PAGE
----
A South African church-backed group that helps former combatants involved in violence during the apartheid era to play a peaceful role says its life skills programme is needed in a country where those who have not found a place in the system often resort to violent crime - writes Kerry Swift.
The late 1980s and early 1990s saw the final days of apartheid. At the time, the apartheid government used surrogate forces to unleash violence in numerous black areas.
Entire communities were attacked, and there were high death rates as a result as well as considerable attendant psychological trauma. As a result of the violence, communities were militarised.
The military wing of the now ruling African National Congress, Umhhonto we Sizwe (MK), groups aligned with the ANC, known as Special Defence Units and the Azanian Peoples' Liberation Army sought to end apartheid by making ungovernable black residential areas on the fringes of white towns, as well as black homelands created under the apartheid system.
There were also the, mainly-Zulu, Inkatha Special Protection Units, which were accused of being agents of the apartheid system and which opposed the ANC. All played a role in militarising communities during a time when the education system in many black areas virtually ceased functioning.
Maggie Seiler, director of the National Peace Accord Trust, which runs a rehabilitation programme, told Ecumenical News International, "We have to look at the circumstances in which ex-combatants find themselves, listen to them and put projects in place on the ground to support them in their desire to reintegrate."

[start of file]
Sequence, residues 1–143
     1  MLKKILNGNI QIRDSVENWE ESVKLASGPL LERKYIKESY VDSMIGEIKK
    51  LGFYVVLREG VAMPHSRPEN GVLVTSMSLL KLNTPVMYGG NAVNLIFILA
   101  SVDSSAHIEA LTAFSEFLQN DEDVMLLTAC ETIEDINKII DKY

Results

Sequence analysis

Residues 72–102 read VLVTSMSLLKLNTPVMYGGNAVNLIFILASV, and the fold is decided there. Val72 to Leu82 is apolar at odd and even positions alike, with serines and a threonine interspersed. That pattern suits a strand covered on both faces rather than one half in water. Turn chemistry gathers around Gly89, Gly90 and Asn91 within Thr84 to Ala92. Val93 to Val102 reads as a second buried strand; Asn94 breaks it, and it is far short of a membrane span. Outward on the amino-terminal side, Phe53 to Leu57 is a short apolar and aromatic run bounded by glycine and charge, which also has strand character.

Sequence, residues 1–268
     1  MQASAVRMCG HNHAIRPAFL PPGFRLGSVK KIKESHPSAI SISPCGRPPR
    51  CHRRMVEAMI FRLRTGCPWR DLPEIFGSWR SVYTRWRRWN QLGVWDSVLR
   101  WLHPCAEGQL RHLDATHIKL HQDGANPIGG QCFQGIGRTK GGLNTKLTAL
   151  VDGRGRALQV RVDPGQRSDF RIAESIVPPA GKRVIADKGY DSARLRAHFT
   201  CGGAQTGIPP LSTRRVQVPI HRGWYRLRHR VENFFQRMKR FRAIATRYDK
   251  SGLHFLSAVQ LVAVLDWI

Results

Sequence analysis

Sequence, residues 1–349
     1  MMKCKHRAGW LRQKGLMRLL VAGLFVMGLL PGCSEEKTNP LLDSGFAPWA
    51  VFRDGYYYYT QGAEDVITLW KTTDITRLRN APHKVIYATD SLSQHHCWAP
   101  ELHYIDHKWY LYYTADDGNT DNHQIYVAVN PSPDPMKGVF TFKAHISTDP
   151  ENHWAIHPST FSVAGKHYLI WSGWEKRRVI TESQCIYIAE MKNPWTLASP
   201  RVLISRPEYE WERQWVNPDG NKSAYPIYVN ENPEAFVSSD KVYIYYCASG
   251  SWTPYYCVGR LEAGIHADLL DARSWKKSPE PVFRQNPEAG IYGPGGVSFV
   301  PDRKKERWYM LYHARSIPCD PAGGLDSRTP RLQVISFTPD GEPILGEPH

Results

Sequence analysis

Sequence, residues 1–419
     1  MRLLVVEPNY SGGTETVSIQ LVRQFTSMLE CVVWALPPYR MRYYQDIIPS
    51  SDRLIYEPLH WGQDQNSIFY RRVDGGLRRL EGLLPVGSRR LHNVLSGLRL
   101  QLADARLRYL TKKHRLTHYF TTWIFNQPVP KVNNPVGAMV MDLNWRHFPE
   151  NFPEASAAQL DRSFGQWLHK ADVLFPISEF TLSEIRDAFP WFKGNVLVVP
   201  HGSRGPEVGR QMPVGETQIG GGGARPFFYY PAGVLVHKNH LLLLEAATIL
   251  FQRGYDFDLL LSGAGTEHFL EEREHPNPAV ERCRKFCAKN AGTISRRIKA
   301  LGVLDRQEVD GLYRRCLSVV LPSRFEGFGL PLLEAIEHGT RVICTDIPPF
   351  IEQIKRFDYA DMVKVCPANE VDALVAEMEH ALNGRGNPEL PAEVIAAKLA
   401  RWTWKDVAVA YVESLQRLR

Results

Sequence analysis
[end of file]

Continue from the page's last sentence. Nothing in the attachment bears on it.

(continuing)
During the violent days in the late 1980s and early 1990s, education and skills acquisition were sacrificed as communities were on a war footing. This took a major toll on the psyche of affected communities and society as a whole.
Working with local churches, which are well-established in many communities traumatised by political violence, the programme, says Seiler is to "provide all ex-combatants with life skills and vocational qualifications so that they can be absorbed into the formal job market or set up ventures of their own".
Basic life skills include, for example, adult education (60 percent of all known ex-combatants require adult education training), acquiring drivers licences, computer training and gaining financial know-how. The overall goal is to provide new opportunities through training so that ex-combatants can be reintegrated into society as responsible citizens.
"The involvement of the churches is critical," says Seiler. "The churches are ideally placed to identify disaffected ex-combatants in the communities they serve. This is a first step. The churches also have trainers working in many of these traumatised communities as part of their pastoral mission.
The NPAT programme builds on existing capacity within the churches and works with church trainers to encourage disaffected ex-combatants to turn their lives around."
Gift Moerane, the provincial overseeing secretary of the Gauteng Council of Churches, said the government is making efforts to build a better life for all.
"However, there are people, like ex-combatants, who feel left out in the cold," he declared.
"These people approached the South African Council of Churches raising concerns. The SACC [which represents the biggest Christian churches in South Africa] is founded on the Gospel imperative of respecting the dignity of all people and, where it is in the interests of the poor, to cooperate with other relevant role-players, such as the National Peace Accord Trust."
[With acknowledgements to ENI. Ecumenical News International  is jointly sponsored by the World Council of Churches, the Lutheran World Federation, the World Alliance of Reformed Churches, and the Conference of European Churches.]